Balloon Vine

Cardiospermum halicacabum

Herbs gallery - Balloon Vine

Common names

  • Balloon Vine
  • Blue Passionflower
  • Blue Passion Fruit
  • Heart Pea
  • Heart Seed
  • Lesser Balloon Vine
  • Love In A Puff
  • Small Balloon Vine

Balloon vine (botanical name Cardiospermum halicacabum) has derived its common name from the distended seedpod that not only makes it hollow, but also extremely lightweight. This herb is a creeper that grows perennially. The plant's stem at its base is just about 3 mm thick and it can climb up to a height of approximately 2 meters.

The stem of the balloon vine has internodes at distances of about 5 cm to 10 cm in length. The stem is grooved and it carries alternating double triad leaves that measure anything between 3 cm and 5 cm in length. Usually, the leaves are without any hair or fine bristles, but some leaves may be covered with soft, downy hairs.

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The form of the leaves varies from oval to lanceted and they are lobed along the edges or may be intensely serrated. The leaflets that appear at the side of the leaves are much smaller in size.

This herb bears tiny spreading out white flowers that appear on elongated flower stems measuring anything between 5 cm and 10 cm long. The perianth (the envelope of the flowers comprising the calyx or corolla or both) comprises anything between 4 and 5 elliptical sepals in addition to four petals having wing or banner-like delicate combs. In all, each flower has 8 anthers.

There is usually a pair of tendrils each immediately below the flowering stalks and each tendril measures about 2 cm in length. The green fruit of balloon vine measures about 3 cm in length and it is distended into an almost spherical form, much like a capsule that contains the typical heart-shaped seeds with white markings.

The balloon vine blooms at different times of the year, subject to where the plant is growing or is being cultivated. In fact, you can find plants belonging to the Sapindaceae family in nearly all tropical areas of the world. The fruits, especially of the Sapindus species, enclose saponins as well as some foam in water.

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This is one reason why these fruits are employed for washing purposes in their native places. On the other hand, people in many places consume the flesh of the fruit - it is generally edible.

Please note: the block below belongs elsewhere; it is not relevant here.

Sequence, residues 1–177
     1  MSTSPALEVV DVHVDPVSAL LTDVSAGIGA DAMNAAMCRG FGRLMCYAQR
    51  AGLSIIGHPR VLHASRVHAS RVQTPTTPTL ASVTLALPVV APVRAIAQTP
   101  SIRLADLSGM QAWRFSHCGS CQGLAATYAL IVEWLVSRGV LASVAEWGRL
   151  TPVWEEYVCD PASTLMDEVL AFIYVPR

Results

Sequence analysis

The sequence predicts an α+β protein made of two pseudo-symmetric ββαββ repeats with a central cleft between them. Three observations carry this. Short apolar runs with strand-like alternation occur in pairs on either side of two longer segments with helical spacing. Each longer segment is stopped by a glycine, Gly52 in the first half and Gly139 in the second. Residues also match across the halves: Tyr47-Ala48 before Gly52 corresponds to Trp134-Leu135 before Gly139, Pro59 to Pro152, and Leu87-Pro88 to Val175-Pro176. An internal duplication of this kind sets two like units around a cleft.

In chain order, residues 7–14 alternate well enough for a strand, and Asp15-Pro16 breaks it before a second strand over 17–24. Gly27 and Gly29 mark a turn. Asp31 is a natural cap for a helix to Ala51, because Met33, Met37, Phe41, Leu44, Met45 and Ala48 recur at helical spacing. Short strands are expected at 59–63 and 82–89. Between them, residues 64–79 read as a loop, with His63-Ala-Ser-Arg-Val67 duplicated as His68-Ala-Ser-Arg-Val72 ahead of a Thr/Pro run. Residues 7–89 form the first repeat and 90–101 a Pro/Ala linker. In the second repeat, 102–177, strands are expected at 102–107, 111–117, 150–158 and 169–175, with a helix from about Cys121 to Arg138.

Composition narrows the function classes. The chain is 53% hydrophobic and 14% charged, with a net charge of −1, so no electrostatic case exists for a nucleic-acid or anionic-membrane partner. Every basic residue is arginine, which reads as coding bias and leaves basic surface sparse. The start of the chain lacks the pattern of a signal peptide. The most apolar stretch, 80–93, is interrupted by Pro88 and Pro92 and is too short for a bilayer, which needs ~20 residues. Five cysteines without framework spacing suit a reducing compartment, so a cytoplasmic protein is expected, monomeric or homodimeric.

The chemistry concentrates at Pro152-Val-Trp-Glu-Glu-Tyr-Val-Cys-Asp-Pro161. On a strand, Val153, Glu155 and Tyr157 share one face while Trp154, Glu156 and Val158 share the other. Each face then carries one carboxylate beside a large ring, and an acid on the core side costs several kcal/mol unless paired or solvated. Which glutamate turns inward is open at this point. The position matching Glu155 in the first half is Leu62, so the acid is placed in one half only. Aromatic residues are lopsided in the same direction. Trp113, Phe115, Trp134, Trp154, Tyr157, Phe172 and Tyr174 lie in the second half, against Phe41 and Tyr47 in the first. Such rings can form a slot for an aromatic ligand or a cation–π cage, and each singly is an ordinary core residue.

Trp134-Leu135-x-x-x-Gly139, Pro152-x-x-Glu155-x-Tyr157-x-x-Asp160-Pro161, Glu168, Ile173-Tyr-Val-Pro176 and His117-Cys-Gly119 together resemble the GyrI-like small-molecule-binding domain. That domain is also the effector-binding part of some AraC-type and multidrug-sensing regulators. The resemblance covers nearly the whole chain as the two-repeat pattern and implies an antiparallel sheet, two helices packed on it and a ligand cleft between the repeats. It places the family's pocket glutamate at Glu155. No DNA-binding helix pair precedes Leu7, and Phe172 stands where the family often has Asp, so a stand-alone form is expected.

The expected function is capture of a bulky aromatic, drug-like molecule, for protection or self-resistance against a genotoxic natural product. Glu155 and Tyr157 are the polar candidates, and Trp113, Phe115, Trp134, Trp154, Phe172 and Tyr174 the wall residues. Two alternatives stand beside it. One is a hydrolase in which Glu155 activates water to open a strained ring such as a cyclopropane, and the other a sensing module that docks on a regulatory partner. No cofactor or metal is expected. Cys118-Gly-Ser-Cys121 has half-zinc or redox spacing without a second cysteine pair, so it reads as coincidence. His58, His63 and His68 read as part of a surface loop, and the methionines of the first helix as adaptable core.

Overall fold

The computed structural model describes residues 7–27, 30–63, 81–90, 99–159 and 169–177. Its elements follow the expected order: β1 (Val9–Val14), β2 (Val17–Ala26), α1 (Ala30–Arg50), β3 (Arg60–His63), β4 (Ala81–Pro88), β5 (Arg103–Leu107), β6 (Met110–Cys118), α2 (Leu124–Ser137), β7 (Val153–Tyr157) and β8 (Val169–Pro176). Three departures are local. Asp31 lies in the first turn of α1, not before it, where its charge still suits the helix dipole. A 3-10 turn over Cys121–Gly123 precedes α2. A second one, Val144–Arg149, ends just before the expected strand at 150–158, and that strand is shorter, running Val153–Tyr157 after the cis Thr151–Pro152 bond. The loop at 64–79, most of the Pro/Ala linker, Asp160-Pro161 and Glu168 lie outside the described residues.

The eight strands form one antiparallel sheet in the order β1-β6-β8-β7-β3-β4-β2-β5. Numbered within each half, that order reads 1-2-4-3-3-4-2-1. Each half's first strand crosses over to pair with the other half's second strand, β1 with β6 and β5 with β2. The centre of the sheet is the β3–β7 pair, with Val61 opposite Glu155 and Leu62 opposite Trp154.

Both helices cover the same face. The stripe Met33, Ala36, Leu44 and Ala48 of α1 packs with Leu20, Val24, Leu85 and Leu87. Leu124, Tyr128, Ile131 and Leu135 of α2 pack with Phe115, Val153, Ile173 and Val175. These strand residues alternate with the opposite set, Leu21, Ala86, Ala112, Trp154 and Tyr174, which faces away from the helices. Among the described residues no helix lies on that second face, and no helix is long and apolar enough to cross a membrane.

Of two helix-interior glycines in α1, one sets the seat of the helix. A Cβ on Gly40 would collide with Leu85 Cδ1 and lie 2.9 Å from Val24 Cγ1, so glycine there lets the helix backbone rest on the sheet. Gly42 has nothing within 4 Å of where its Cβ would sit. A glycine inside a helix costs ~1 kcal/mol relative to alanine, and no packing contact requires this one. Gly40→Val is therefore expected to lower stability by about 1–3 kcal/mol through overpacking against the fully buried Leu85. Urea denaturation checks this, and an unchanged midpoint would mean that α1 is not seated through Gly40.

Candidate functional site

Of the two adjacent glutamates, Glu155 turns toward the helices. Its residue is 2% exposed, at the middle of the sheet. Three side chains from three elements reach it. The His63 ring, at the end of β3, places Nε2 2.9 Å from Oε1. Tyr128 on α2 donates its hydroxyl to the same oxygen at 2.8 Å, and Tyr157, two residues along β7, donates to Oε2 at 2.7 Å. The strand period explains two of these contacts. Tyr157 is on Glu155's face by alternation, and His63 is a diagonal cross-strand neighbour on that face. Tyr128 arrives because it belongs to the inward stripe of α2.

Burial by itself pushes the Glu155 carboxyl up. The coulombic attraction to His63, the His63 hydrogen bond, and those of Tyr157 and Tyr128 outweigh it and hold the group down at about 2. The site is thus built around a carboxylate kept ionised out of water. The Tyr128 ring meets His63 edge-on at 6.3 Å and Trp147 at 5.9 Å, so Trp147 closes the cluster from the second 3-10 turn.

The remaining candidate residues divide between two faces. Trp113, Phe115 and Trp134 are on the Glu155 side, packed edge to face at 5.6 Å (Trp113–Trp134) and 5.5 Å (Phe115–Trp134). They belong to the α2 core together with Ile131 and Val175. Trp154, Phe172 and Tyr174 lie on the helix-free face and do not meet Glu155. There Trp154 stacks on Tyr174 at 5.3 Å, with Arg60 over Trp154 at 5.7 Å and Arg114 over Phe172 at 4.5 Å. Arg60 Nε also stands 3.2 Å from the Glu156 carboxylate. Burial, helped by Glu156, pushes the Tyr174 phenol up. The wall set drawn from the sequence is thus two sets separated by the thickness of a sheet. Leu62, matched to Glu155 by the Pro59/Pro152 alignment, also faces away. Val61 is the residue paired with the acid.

Balloon vine belongs to the soapberry family of plants. It is an ordinary climber that is found growing in several regions having tropical as well as sub-tropical climatic conditions across the world.

Cardiospermum halicacabum is a rapidly growing weed, which climbs with the help of its tendrils. This plant produces triangular shaped bladder like fruits that replace the aromatic white flowers appearing in summer. The plant derived its common name "balloon vine" from its balloon shaped fruits.

However, the noted Swedish botanist Carl Linnaeus is responsible for giving the plant its botanical name Cardiospermum halicacabum, which has its origin in two Greek terms "kardia", which denotes the heart, and "sperma", which is the seed that has been named after the fruit's heart-like shape.

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In the tropical as well as sub-tropical areas of the globe, you can find this supposed attractive weed growing on its own in the wild, such as roadsides and waste places.

Usually, this plant grows in thick masses and has the potential to overpower and suffocate other native plants growing in the vicinity. Therefore, often the balloon vine is regarded as a pest. However, this is indeed shameful considering the multiple therapeutic properties of the herb.

In many Asian countries, the balloon vine is considered to be a traditional therapeutic plant and its mention can be found in the Ayurveda (an ancient Indian medicine system) as well as the medicine pharmacopoeia of India and the neighbouring island nation Sri Lanka (formerly Ceylon).

This is ample proof of the fact that this herb has been used for therapeutic purposes for ages in these Asian nations, mainly because the pharmacopoeia dates back to several thousand years.

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Parts used

The leaves, root, seeds.

Uses

The entire balloon vine (Cardiospermum halicacabum) plant possesses several therapeutic properties. It is a good diuretic, diaphoretic, emmenagogue, emetic, refrigerant, laxative, stomachic, rubefacient as well as sudorific.

Owing to its multiple therapeutic properties, this herb also has numerous applications. Balloon vine is employed for treating stiffness of the limbs, rheumatism, nervous conditions as well as snakebites. The leaves of this herb possess rubefacient attributes and, hence, they are applied in the form of a poultice for treating rheumatism.